I did get to attend some sessions. First there was Annette Lang and Katie Mayl from the BioMed Science Academy. They shared how they use #DesignThinking in their PBL based classes . They have incorporated a geat deal from what they learned reading Launch by John Spencer and AJ Juliani. Maria Hawkins, Director of eSports Operations, shared about KSU’s eSports program as well as how they are helping local k12 get into the eSports arena. eSports is a billion dollar industry. It is a team sport, so kids are learning those soft skills, like collaboration and communication, in addition to critical thinking, creativity, curiosity and community. Annette Kratkowski from the Education Department, Hilary Kennedy form the Library, and Julie Messing form Entrepreneurship/Innovation talked to us about KSU’s Design Innovation Initiative. They have created Design Innovation Nodes around campus, makerspaces or resource labs that foster collaboration and have tools & resources for students and faculty. These will tie in to the DI Hub that will open in Fall 2020. They want to get more outreach to local k12, and we talked about ways to do that : a cohort, partnering for k12 events like Hacks or coding workshops, edcamp. They have a newsletter at www.kent.edu/launchnet that we hope is a start to creating a network.
I hope we can create an area network for k12+ for Design & Innovation. I think DI is the same as #MakerEd.
At the end of October, I got to present about #MakerSpace ‘s and #microbit at the Ohio Tech Summit at The Point, at Otterbein College. It is the first time that I have presented multiple times in a day, so that was nice. The #MakerSpace / #MakerMindset sessions were full (25-30), awesome. I take a case of #Maker materials and tools with me for people to check out, play with, make, create.
The first session was in a lab style room, so I spread the playthings out on the tables. No one played with anything. Not even the open box of Lego’s. As soon as they came in and sat down, they didnt get up. I prompted them at the beginning, didnt start talking right away. I referred to things. I prompted at the end and a couple of people checked out the cardboard cutters. Usually people make something. It was a good session, lots of ideas and questions flowing from participants.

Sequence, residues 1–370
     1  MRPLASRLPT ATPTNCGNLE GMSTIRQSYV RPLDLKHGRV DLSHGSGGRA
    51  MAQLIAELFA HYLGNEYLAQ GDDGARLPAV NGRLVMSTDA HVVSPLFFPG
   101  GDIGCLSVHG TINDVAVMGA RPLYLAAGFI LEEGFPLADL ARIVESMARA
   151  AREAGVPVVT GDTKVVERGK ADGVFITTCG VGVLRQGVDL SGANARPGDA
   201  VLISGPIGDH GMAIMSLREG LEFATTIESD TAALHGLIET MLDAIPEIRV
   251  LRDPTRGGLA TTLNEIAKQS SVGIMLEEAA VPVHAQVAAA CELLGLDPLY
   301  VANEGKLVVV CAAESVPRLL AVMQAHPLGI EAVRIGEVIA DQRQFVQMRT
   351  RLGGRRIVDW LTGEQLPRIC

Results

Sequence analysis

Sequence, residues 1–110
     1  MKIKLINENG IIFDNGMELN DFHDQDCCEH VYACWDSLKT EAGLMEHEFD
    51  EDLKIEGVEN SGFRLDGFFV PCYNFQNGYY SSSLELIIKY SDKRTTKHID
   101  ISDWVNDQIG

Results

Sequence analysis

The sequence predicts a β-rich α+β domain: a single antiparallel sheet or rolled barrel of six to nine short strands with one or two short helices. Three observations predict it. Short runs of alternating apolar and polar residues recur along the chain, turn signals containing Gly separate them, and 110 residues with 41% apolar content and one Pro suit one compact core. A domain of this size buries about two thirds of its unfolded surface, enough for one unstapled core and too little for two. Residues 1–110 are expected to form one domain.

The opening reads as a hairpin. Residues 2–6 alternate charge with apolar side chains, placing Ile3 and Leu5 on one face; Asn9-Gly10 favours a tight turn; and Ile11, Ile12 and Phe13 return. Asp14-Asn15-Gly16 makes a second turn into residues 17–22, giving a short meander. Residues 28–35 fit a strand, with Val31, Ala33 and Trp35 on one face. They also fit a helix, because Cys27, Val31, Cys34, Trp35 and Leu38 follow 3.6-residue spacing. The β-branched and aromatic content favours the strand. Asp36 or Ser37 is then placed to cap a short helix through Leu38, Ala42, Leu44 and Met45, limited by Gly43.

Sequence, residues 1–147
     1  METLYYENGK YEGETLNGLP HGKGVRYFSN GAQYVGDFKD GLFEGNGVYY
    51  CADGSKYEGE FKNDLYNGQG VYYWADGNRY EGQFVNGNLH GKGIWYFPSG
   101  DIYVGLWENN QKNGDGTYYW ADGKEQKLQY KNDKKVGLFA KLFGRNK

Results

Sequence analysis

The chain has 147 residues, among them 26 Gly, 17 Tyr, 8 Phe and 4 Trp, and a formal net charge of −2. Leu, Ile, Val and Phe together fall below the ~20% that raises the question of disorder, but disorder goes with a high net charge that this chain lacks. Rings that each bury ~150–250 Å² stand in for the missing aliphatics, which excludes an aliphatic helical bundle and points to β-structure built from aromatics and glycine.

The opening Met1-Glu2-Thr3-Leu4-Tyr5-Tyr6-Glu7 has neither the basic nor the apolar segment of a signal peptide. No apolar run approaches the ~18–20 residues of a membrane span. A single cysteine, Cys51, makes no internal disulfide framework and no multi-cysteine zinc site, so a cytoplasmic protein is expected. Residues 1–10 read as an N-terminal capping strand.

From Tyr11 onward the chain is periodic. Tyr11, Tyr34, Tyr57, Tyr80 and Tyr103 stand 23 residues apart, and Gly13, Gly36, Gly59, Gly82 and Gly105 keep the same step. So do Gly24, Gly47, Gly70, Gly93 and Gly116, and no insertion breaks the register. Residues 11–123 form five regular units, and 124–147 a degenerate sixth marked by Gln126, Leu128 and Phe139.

Then I had to scurry to the #microbit session, which i was doing with Dr Paul Post from OSU. He had a car kit from SparkFun and I had my twelve microbit kits that I put together with some stuff from Roger Wagner (MakerBit). We had 10 people and got them started coding a microbit. Bluetooth is always a pain for some reason, but it is very easy from a computer.
In the afternoon, my second #MakerSpace / #MakerMindset session was in a room set up with rows of chairs. The Point is very good with technology, so there were monitors on each wall. I dragged two tables in from the vendors (not being used) and set the toys up in the “back” of the room. My computer was at the “front” of the room. Luckily I remembered my remote control, as I did the preso from the “back”. It made people turn chairs around and have a different, more relaxed setting than trapped in rows. But it was not conducive for people to get their hands on the materials. Some stayed after I was done and looked at some things.
The Point at Otterbein is only a couple of years old. It is designed for collaboration, co-working, professional development, events, makerspace, and classrooms. There are some businesses working out of the space. In addition, it has small meeting rooms and food service. The Maker Space is pretty well equipped (wood, metal, laser, vinyl, 3D printing). It is a nice space. They want all University departments to utilize the features as well as collaborate with each other